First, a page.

Ecology

All Materials Cmassengale 

Ecology is the study of interactions between organisms (biotic part) and their nonliving environment (abiotic factors)

Biotic factors includes plants, animals, fungi, & microorganisms. They may be producers, consumers, or decomposers.

Abiotic factors include climate, soil, temperature, water, air, sunlight, humidity, pH, and atmospheric gases.

Habitat is the place a plant or animal lives, while its niche is its total way of life.

Life is organized into levels:

Organism (any single living thing)

            Population (members of the same species living in one place)

 

                    Community (all the populations living in an area)

 

        Ecosystem (community living in a similar habitat such as a forest)

 

Biomes (ecosystems covering wide areas & with similar climates & organisms)

Biosphere ( all the living & nonliving things on earth)

Producers:

bullet

Make their own food through photosynthesis or chemosynthesis

bullet

Includes plants, algal protists, & some bacteria

Consumers:

bullet

Can't make their own food

bullet

May be herbivores (feed only on plants), carnivores (feed only on animals), or omnivores (feed on plants & animals)

Decomposers:

bullet

Break down dead plants & animals (detritus)

bullet

Recycle nutrients

bullet

Called detritivores

bullet

Include fungi & bacteria

Sunlight is the ultimate energy for all life on earth, but only producers can get their energy directly from the sun.

Energyflowinecosystemimage

Trophic levels are feeding levels of producers & consumers in an ecosystem:

bullet

1st Trophic Level is producers that use sunlight directly

bullet

2nd Trophic Level includes herbivores that feed directly on plants

bullet

Higher Trophic Levels are carnivores feeding on each other

energypyramid

Food chains & food webs:

bullet

Chains show who eats whom in an ecosystem.

bullet

Webs are made up of several food chains.

bullet

Always begin with producers absorbing sunlight.

bullet

Producers store energy in the chemical bonds of the food they make.

bullet

Stored energy is passed to consumers when they eat producers or other consumers.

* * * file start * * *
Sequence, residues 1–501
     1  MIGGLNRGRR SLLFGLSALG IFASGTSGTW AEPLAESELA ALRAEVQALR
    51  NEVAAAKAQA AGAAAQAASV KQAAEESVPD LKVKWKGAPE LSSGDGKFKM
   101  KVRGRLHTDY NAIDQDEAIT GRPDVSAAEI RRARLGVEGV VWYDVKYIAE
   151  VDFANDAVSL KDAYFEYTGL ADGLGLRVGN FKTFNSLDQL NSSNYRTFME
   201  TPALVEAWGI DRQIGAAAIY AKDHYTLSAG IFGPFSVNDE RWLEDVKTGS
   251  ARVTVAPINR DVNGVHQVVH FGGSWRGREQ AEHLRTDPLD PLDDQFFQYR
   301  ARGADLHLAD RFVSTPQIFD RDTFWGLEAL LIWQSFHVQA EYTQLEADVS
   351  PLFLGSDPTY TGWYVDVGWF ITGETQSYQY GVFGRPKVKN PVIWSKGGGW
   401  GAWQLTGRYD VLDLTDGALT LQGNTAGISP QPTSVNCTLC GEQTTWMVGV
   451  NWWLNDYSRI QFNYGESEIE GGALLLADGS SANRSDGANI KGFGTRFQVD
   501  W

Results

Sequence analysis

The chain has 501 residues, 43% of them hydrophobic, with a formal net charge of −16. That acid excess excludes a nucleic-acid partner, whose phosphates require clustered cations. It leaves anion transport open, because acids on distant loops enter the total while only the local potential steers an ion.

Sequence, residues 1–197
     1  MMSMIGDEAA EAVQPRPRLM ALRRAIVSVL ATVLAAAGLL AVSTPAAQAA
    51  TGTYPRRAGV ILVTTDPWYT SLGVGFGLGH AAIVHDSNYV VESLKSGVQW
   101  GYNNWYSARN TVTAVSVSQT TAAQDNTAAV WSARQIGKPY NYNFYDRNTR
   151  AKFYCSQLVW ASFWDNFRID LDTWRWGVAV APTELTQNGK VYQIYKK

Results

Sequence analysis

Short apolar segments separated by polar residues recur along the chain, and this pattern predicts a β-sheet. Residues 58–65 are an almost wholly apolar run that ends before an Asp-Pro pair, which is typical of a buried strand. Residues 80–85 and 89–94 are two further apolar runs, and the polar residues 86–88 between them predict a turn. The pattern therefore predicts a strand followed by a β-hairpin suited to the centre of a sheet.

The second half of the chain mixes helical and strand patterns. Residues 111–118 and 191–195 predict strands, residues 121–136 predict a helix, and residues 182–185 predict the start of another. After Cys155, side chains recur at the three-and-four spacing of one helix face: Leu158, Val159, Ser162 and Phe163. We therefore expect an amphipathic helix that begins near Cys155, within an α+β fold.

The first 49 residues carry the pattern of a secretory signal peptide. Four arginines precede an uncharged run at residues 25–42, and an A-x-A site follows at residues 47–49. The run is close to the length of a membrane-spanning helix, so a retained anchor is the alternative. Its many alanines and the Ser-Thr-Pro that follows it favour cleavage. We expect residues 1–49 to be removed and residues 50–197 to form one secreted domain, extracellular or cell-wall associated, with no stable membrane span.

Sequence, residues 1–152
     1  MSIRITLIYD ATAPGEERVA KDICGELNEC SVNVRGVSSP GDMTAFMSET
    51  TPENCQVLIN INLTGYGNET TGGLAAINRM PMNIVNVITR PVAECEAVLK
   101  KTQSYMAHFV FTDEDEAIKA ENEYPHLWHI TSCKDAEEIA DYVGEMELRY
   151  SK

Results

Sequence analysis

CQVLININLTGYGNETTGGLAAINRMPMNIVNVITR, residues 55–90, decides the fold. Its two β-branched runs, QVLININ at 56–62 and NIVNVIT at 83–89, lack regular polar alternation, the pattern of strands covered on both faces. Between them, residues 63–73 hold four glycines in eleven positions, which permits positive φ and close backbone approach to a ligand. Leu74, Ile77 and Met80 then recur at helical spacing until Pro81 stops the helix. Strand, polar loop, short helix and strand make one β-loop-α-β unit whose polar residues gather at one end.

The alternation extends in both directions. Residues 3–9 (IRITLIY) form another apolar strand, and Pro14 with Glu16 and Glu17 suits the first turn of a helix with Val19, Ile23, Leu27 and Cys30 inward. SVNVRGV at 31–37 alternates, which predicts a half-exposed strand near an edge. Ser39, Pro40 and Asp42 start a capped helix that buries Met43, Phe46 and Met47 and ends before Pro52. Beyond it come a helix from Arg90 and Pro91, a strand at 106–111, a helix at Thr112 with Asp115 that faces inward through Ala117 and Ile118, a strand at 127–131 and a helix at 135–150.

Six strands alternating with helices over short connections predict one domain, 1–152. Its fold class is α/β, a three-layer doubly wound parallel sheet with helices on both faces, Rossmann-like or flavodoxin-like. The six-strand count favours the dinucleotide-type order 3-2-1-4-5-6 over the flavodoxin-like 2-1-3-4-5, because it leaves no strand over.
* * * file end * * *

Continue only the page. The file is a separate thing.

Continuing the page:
bullet

Some energy is lost at each trophic level as heat when consumers "burn" food during cellular respiration.

bullet

Both energy & nutrients must move through an ecosystem.

Three main elements that must move through an ecosystem:

bullet

Water

bullet

Carbon

bullet

Nitrogen

Water or Hydrologic Cycle:

bullet

Cells are 70 - 90% water

bullet

Water is needed for metabolic processes

bullet

Water is most important for terrestrial organisms because of desiccation (drying out)

Steps in the water Cycle:

Evaporation                                         Transpiration
(water loss from lakes, rivers, oceans...)          (water loss from plant leaves)

                                       

Condensation
(water vapor forms clouds)

Precipitation
(water returns to earth as sleet, rain, snow...)

Surface Runoff
(returns water to bodies of water or to groundwater)

Carbon Cycle:

bullet

Consists of photosynthesis, cellular respiration, & decomposition

bullet

Begins with producers taking carbon dioxide from the air during photosynthesis

bullet

Carbon dioxide used in cellular respiration

bullet

Decomposing plants and animals return Carbon to the soil

Carbon Cycle Steps:

Plant leaves take carbon dioxide from air

Plants store carbon in carbohydrates or starches
(photosynthesis)

Plants & animals release carbon dioxide back into the air
(cellular respiration)

Decomposers return carbon to environment
(decomposition)

Nitrogen:

bullet

Needed by all organisms

bullet

Used to make proteins & nucleic acids (DNA & RNA)

bullet

Air made up of 80% nitrogen

bullet

Only Cyanobacteria & Rhizobium bacteria can use nitrogen directly from the air (nitrogen fixation)

bullet

Bacteria found in the soil & on the roots of legumes (beans, peas ...)

Steps in the Nitrogen Cycle:

Cyanobacteria & Rhizobium take nitrogen from air
(nitrogen fixation)

Convert nitrogen gas into ammonia

Nitrifying bacteria in soil change ammonia into nitrates

Plants can absorb & use nitrates to make proteins

Consumers eat plants & get proteins containing nitrogen

Decomposers break down dead organisms & return nitrogen to air
(called ammonification)

Anaerobic bacteria in soil release nitrogen from nitrates into air
(called denitrification)

Three main types of ecosystems:

bullet

Terrestrial (land)

bullet

Freshwater (rivers, ponds, lakes ...)

bullet

Marine (oceans & seas)

Terrestrial ecosystems are divided into 7 biomes with similar climates & organisms

Seven Terrestrial Biomes:

bullet

Tropical Rain Forest (jungle)

bullet

Savanna (tropical grasslands)

bullet

Deserts

bullet

Grasslands

bullet

Deciduous Forest

bullet

Taiga (coniferous forest)

bullet

Tundra

Tundra:

bullet

Cold & dark most of the year

bullet

Includes the arctic

bullet

Permafrost is the top layer of soil that thaws & in which plants grow

bullet

No trees, but sedges & grass, mosses, & lichens

bullet

Many migratory animals

bullet

Lemmings & ptarmigans are year round residents

bullet

Approximately 20 cm annual rainfall

Tundra

Taiga:

Coniferous Forest

Temperate Deciduous Forest:

Temperate Deciduous Forest

    Tropical Rain forest:

Rainforest

Grasslands:

Grassland

Savanna:

(26KB)

Deserts:

Desert

Aquatic Biomes:

Lakes & Rivers:

Ocean Zones:

BACK